Utah Power Plant Accused of Using Fake Farm to Divert Contaminated Waste to Circumvent Clean Water Act
A Utah power plant is using an adjacent “farm” to evade the Clean Water Act by spraying polluted water on the property, after which the toxins leach into the soil and eventually into groundwater, according to two environmental groups.
HEAL Utah and the Sierra Club have notified (pdf) PacifiCorp, owner of the Huntington Power Plant (pdf), that it intends to sue the company for dumping water polluted with coal ash onto the “farm.” The Sierra Club got suspicious when PacifiCorp withdrew its permit for dumping into nearby Huntington Creek. “That was a red flag,” Lindsay Beebe, a local Sierra Club organizer, told ThinkProgress, “because they had a permit to have runoff from their plant site run into Huntington [Creek], and it indicated they were no longer doing that anymore.”
Instead, the plant is diverting two streams that run from the company’s unlined landfills into a holding pond, from where the water is spread onto the “farm.” Thus, the plant avoids treating the runoff, which would be required because the nearby Huntington Creek is judged to be an impaired waterway.
“Because the creek is impaired, they would have to treat the wastewater to quite a high standard,” Richard Webster, a senior attorney with the nonprofit law firm Public Justice, told ThinkProgress. But spraying the polluted water on a farm doesn’t make the pollution go away, Webster added. “They just keep shifting it around the place, but in the end the pollution is getting into the stream by hook or by crook,” he said.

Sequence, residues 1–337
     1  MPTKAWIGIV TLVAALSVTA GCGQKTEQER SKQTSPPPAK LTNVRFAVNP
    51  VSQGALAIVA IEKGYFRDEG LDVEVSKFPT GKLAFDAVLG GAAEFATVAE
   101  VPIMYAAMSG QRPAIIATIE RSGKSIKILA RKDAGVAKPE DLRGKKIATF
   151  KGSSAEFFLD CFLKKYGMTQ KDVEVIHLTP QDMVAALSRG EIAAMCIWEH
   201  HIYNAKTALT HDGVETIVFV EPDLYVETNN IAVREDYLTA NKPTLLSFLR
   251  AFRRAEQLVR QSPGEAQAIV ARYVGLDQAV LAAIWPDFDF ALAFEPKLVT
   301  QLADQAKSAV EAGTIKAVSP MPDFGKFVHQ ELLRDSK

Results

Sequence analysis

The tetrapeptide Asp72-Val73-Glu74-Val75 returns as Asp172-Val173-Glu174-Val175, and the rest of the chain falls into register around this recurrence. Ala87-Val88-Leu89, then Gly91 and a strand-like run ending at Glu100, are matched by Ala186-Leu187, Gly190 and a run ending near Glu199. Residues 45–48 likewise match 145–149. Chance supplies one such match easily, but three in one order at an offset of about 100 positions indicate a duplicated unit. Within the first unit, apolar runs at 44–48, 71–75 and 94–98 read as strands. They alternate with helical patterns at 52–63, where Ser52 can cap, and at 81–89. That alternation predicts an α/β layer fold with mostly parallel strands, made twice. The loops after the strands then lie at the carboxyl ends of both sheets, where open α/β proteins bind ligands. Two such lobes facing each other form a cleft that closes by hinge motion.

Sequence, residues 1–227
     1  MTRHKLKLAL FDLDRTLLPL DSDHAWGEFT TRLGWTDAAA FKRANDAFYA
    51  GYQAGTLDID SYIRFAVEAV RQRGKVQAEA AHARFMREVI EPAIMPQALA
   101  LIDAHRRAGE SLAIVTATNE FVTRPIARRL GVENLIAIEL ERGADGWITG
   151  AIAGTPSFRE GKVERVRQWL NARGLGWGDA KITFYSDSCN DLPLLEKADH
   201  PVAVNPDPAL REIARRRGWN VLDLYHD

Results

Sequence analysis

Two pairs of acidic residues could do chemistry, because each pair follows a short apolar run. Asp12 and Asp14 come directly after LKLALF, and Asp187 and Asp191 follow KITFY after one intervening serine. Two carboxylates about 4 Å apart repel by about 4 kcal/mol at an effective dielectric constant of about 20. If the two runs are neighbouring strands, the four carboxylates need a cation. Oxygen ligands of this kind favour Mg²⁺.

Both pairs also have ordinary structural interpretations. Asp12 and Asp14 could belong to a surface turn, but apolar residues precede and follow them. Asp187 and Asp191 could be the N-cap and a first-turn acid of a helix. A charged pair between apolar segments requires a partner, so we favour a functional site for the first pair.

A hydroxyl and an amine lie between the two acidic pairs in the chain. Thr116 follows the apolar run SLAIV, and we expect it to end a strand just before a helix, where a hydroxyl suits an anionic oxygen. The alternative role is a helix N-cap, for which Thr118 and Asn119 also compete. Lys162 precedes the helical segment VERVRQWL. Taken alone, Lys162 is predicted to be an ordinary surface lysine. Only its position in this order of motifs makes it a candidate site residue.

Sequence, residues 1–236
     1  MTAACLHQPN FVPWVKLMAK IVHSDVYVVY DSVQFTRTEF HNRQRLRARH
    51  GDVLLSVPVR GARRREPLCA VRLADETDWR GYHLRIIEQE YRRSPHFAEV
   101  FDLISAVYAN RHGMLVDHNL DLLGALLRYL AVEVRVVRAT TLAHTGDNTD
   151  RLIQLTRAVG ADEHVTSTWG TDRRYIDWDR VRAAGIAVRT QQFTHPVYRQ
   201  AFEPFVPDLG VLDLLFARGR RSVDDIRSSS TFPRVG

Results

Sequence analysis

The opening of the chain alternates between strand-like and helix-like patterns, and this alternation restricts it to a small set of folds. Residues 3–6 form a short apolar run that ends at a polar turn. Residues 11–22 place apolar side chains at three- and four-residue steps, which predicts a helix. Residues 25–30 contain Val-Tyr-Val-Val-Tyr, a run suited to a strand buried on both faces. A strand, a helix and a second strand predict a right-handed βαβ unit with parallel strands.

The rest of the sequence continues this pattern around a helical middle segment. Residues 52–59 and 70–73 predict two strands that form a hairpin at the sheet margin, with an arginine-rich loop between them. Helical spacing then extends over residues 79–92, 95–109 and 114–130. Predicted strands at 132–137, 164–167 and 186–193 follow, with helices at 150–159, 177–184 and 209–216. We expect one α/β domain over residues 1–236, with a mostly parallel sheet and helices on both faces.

The company’s own testing shows what kind of pollutants are being dumped, according to Beebe. There are high levels of boron and mercury on the site.
“Companies try everything they can to escape the Clean Water Act, and that seems pretty apparent here,” Jack Tuholske, an environmental attorney not involved with the case and current director of the Water and Justice Program at the Vermont Law School, told ThinkProgress. “They’re trying to create a loophole to irrigate, and it poses some serious issues of a company trying to avoid its responsibility to protect waters from pollution.”
The notice of intent to sue (pdf) also cites unpermitted discharge being dumped directly into Huntington Creek and a poorly managed coal storage pile that has been discharging pollutants into the creek. PacifiCorp has 60 days to respond to the claims before the case moves into court.
“Instead of moving the deck chairs around on the Titanic, it’s time to start doing something real,” Webster told ThinkProgress. “The question is not if they have to clean it up, it’s when. They really may as well bite the bullet and clean it up now, as opposed to continuing to make the problem worse and building up more liability for their shareholders.”
To Learn More:
A Utah Power Plant’s Scheme to Circumvent the Clean Water Act (by Natasha Geiling, ThinkProgress)
An Energy Company’s Fake Farm, Watered with Heavy Metal Rain (by Richard Webster, Public Justice)
Notice of Intent to File Citizens Suit for Violations of the Clean Water Act (Public Justice) (pdf)
Coal Power Plant in Utah has not been Inspected for 12 Years (by Noel Brinkerhoff, AllGov)
When Companies Break Environmental Laws, Why are Responsible Individuals not Prosecuted? (by Noel Brinkerhoff and Steve Straehley, AllGov)
- Top Stories
- Unusual News
- Where is the Money Going?
- U.S. and the World
- Appointments and Resignations
- Latest News
- Acting Solicitor General: Who Is Noel Francisco?
- Assistant Attorney General for the Office of Legal Counsel: Who Is Steven A. Engel?
- Secretary of the Navy: Who Is Philip Bilden?
- Director of the United States Attorneys: Who is Monty Wilkinson?
- Chief of U.S. Border Patrol: Who Is Ron Vitiello?